By Robin Jacobson.
When we tell the story of Israel, it’s often a story about European Jews. Theodor Herzl of Vienna dreamt of a Jewish state; David Ben-Gurion, born in Poland, proclaimed Israel’s statehood; and other European Jews escaped the Holocaust to build modern Israel. Yet half of today’s Israeli Jews have ancestral roots in the Arab world, from North Africa through the Middle East. To understand Israel’s complicated Jewish identity, Israeli author-journalist Matti Friedman contends, we need a fuller narrative of Israel, one that encompasses these Mizrahi (literally “eastern”) Jews. (Mizrahi Jews have a different heritage from Sephardic Jews, who descend from Spanish or Portuguese Jews.)
In Spies of No Country: Secret Lives at the Birth of Israel, Friedman vividly recounts the largely unsung history of the Mizrahi Jews who comprised Israel’s first intelligence service, predating the formidable Mossad. The “Arab Section” was a secret spy unit initially under the auspices of the Jewish military underground and later, after Israeli statehood, the Israel Defense Forces. Tellingly, the unit was sometimes referred to as the “Black Section” because of its dark-complexioned agents.
Like Israeli history, Israeli literature has tended to overlook Mizrahi Jews. This makes the recent work of Ayelet Tsabari especially welcome. Tsabari’s memoir, The Art of Leaving, tracks her life as an Israeli of Yemenite heritage, while her prize-winning short story collection, The Best Place on Earth, gives voice to the perspectives of Mizrahi Jews.
Spies of No Country focuses on four Jewish spies in the Arab Section. All four were native Arabic speakers: two were from Syria, one was from Yemen, and one was born in Jerusalem. Preparing to pose as Muslim Arabs, they practiced local Arabic dialects and studied Islam, learning Muslim rituals for washing and prayer. Then they infiltrated Arab communities and collected information. Refusing to call themselves agents or spies, labels that struck them as dishonorable, Arab Section operatives chose instead the term mista’arvim, translated as “ones who become like Arabs.”
Some of the operatives’ missions involved derring-do (e.g., blowing up a fake ambulance concealing a bomb, damaging an armed yacht originally built for Hitler). Yet other assignments entailed patiently gathering information about Arab morale and military preparedness out of a small store and taxi service the men ran in Beirut. The work was dangerous – of the dozen active Arab Section operatives at the beginning of Israel’s War of Independence, half were caught and killed.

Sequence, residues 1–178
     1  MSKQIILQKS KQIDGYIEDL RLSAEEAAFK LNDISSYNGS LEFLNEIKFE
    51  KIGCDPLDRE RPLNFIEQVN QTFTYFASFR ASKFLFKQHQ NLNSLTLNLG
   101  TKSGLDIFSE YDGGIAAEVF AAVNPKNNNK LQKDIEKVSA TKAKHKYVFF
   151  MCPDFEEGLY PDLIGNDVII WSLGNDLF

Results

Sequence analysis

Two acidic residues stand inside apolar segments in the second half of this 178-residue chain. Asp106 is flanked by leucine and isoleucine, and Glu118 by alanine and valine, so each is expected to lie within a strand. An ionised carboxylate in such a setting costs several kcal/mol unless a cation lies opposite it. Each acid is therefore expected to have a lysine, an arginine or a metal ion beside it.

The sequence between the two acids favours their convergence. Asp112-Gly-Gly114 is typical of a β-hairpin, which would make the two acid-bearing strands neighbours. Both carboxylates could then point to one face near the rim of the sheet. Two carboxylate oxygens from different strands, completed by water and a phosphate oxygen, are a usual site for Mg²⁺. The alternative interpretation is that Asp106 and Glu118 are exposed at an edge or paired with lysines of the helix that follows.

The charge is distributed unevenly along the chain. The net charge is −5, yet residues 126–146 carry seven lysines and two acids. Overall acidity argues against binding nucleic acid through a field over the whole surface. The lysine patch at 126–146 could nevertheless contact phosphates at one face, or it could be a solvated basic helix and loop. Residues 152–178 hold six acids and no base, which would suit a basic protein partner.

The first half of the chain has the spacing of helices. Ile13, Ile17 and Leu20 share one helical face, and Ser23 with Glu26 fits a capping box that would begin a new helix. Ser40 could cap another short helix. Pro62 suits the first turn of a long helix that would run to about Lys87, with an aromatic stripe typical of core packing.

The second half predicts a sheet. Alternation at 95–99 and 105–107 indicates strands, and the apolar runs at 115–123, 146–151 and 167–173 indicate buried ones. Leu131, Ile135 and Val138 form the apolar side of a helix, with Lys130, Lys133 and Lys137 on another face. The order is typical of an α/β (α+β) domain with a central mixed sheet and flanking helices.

Born in 1973 into a large Israeli Yemenite family, Tsabari moved to Canada as an adult and, unusual for Israeli-born authors, writes her books in English. The Art of Leaving begins with the death of Tsabari’s father when she was age nine. After a rebellious adolescence and Israeli army service, she roamed the world for 10 years, spending time in India, New York, Mexico, and Thailand, even titling her bank account “the wandering Jew fund.” Part of the attraction of India, she says, was that the dark-skinned Indians looked like her.
“Growing up,” Tsabari writes, “I had often felt out of place in my own country.” Some of that had to do “with the exclusion of my [Mizrahi] culture from so many facets of Israeli life, with not seeing myself in literature and in the media, with being taught in school a partial history about the inception of Israel that painted us as mere extras.”
Tsabari’s stories in The Best Place on Earth portray Israeli characters of Mizrahi background. There are stories about siblings, friendship, army service, and lost love. Collectively, they challenge commonly held perceptions of Israelis, offering a broader understanding of the Israeli story and the Jewish experience.